Clarification Of Advice
Q: I am inquiring in regard to the “Winter Storage” letter that appeared on page 22 in the June 2004 “Technical Inquiries” column.
We are new to motorhoming and have a 33-foot 2002 Beaver Monterey. We have had numerous problems differentiating the advice from several sources in the industry in regard to winter storage. I understand the portion about moisture barriers under the tires. The leveling advice seems somewhat contrary to other opinions.
You mention placing jack stands at the four corners. I spoke to Henderson’s Line-Up in Oregon and they indicated that the stands should be placed under the axles. So is your advice about alleviating stress on the levelers, tires, springs, or what? Your answer indicates leaving most of the weight on the tires. I have been told that leaving weight on the tires for extended periods of time may ruin the tires. Most jack stands that are capable of holding my axle weight (7,770 pounds in front and 16,500 pound in rear) will not fit under the axles. But jacking up the axle to accommodate the jack stand lifts the tires from the ground, which you advise not to do. I hope you can understand my confusion.
Jim & Cheryl Cuccia, F328332
Santa Maria, California
A: Perhaps our instructions were not clear. Do not use the leveling jacks to raise the tires off the ground. This is not a safe way to lift the coach so that you may place jack stands under the axles. There’s always a chance the leveling jacks could collapse unexpectedly while you’re beneath the motorhome positioning the stands. Instead, you should use a hydraulic jack to elevate one wheel at a time as you set up the jack stands.
Safely set the supporting jacks under the axles at a height so that the suspension components won’t be left in an extended position (as they would be if you placed the jacks under the frame). While leaving most of the motorhome’s weight on the tires won’t necessarily accelerate tire wear, the tires could develop flat spots, which could shake your fillings loose (and perhaps several items in your cabinets) before they warm up and smooth out. And you need to place a barrier of some type (plywood, heavy cardboard, etc.) between the tires and the ground. The weight alone during storage will not hurt the tires, especially when it’s recommended that the tires be replaced every five to six years, regardless of mileage.
Dead Gen Set
Q: I have an Onan diesel generator (model HDKAJ) that’s installed in a 1997 Holiday Rambler Endeavor. The generator was working perfectly one day and then the next day would not start. No engine turnover, no clicks, and no blinking lights on either switch. I checked the three fuses located near the generator switch, and all are good with current coming through both sides of the fuses. I also checked the positive post on the solenoid, which showed 12 or 13 volts. Are there any fuses that control starting? If so, please inform me of their locations.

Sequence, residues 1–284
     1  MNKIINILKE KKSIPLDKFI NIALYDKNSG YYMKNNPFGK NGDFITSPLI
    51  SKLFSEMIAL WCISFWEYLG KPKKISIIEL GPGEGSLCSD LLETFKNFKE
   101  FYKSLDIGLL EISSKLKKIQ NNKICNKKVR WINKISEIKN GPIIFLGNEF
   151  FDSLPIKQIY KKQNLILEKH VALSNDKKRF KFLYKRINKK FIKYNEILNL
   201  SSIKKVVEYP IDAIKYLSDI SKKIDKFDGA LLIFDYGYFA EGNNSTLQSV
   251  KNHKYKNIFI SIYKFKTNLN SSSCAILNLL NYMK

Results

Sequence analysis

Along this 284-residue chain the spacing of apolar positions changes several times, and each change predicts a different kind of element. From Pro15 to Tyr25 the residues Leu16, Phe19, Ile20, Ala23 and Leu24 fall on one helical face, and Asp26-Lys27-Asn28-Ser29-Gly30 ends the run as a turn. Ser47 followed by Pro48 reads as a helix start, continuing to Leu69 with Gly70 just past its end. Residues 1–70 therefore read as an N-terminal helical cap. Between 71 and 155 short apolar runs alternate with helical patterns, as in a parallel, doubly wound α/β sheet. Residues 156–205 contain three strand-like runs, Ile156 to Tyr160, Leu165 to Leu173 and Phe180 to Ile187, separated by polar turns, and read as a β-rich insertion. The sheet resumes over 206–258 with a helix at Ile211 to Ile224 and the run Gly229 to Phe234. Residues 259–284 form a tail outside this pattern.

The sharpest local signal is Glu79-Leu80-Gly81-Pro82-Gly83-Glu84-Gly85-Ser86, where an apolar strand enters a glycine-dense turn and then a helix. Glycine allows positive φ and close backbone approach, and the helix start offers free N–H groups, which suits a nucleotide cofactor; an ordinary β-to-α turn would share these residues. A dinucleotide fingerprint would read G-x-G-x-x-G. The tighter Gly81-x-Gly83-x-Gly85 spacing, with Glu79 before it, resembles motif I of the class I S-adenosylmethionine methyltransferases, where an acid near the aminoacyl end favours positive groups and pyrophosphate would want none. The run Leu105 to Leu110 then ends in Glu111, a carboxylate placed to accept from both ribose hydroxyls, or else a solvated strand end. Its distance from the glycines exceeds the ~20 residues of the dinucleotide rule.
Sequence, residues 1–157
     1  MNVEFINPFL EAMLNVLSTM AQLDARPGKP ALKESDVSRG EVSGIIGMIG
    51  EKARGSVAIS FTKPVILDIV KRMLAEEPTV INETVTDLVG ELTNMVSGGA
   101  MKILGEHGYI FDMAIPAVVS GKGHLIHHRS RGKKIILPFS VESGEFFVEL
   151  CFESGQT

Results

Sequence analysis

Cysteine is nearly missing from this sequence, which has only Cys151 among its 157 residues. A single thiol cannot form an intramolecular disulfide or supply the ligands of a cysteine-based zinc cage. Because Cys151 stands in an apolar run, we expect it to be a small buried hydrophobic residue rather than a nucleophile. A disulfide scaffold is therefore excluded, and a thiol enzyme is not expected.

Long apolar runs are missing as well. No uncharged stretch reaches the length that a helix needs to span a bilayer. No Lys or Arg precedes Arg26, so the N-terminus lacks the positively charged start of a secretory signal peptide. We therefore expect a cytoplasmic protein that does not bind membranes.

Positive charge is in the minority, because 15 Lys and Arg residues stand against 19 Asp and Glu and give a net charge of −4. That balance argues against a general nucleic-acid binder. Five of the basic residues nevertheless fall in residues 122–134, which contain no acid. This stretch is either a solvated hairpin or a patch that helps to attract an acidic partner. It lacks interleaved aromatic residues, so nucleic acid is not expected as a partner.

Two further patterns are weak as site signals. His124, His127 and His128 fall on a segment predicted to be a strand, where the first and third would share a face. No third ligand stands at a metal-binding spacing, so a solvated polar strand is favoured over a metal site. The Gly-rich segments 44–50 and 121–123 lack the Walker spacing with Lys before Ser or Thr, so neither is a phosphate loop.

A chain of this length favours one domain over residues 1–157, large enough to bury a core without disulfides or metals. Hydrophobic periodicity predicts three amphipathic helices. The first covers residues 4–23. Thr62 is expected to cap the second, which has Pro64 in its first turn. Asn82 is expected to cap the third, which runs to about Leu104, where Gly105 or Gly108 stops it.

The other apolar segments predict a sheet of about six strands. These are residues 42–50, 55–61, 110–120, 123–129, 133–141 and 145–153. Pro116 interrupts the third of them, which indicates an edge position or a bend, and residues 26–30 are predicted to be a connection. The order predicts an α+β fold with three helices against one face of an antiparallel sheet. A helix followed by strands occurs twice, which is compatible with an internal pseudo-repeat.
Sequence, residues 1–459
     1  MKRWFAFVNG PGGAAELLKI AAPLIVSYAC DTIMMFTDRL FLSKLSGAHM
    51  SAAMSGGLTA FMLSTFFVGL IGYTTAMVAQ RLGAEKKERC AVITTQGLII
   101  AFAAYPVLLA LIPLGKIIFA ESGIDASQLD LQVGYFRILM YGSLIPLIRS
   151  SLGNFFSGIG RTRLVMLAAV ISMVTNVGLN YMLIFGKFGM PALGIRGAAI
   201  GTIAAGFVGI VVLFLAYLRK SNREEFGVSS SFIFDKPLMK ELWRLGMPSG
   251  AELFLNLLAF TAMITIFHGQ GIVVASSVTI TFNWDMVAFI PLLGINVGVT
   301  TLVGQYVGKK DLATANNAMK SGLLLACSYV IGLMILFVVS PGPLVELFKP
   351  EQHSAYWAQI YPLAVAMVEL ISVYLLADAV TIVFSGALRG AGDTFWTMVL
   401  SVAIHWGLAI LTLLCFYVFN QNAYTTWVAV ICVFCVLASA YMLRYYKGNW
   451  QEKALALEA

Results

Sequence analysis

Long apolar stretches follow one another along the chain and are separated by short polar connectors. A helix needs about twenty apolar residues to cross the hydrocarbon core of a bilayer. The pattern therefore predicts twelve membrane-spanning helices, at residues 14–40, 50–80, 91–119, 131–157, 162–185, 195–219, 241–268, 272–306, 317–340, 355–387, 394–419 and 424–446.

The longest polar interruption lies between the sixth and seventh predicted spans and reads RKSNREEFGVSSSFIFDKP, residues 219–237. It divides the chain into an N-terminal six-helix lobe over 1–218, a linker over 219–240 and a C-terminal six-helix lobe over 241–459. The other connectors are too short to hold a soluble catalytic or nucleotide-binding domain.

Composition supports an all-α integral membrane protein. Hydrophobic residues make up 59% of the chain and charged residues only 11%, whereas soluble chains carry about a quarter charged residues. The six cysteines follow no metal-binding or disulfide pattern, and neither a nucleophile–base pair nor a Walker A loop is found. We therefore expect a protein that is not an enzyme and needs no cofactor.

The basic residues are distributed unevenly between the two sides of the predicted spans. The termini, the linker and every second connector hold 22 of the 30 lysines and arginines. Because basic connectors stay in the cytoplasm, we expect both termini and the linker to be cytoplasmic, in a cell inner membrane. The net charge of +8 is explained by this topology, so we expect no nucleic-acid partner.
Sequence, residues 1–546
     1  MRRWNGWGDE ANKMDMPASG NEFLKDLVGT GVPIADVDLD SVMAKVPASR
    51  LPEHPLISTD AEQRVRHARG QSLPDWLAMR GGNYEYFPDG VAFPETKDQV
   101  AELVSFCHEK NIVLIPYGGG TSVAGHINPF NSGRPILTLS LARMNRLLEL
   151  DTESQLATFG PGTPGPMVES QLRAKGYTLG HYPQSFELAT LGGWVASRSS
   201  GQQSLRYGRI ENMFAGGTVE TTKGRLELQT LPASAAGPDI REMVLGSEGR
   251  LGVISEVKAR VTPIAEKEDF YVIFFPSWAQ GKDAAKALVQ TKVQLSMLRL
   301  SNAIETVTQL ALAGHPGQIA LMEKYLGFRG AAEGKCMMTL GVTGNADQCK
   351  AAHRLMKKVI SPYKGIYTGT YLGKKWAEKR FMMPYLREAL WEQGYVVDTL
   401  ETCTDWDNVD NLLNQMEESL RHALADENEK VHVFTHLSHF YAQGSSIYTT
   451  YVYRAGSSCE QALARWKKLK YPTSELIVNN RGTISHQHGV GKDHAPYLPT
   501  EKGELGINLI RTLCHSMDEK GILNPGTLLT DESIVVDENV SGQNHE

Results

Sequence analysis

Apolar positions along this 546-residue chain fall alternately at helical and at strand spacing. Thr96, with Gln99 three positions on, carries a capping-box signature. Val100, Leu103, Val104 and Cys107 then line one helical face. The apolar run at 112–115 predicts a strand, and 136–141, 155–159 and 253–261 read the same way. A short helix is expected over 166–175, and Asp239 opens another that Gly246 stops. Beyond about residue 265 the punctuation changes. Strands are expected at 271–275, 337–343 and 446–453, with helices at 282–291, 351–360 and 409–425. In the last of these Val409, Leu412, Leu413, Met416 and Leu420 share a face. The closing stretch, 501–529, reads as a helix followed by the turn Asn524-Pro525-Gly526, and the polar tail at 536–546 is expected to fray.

Neil Firmin, F155135
A: The starter solenoid apparently is accessible, since you were able to detect positive 12-volt-DC current at the solenoid input. If you do not hear clicking sounds from the solenoid, the current evidently is not reaching the solenoid to activate it “” or the solenoid coil is open and cannot react. To determine whether the solenoid is operating correctly, use a small jumper wire to supply positive 12-volt current (from the positive 12-volt “in” connection on the solenoid terminal) to the coil. If it doesn’t click, you have a bad solenoid and will need to replace it. If it does click and engages the starter, then the solenoid coil is okay. Your problem then can be traced to an inoperative circuit that activates the solenoid.
Without a wiring diagram, and since you have verified that all of the fuses are good, it’s difficult for me to say what’s causing the problem. It doesn’t sound like a shutdown protection sensor is the cause. Shutdown protection features used to detect high temperature, low oil pressure, and low coolant usually will allow the engine to crank but not continue to run. My thought is that your problem is in the control board. To get help diagnosing the start circuit, I would suggest you contact Onan directly or contact the closest Onan service center. This may be an involved repair and require a trip to a technician. Onan’s phone number is (800) 888-ONAN (6626), but I would try a local service center first, if there is one in your area.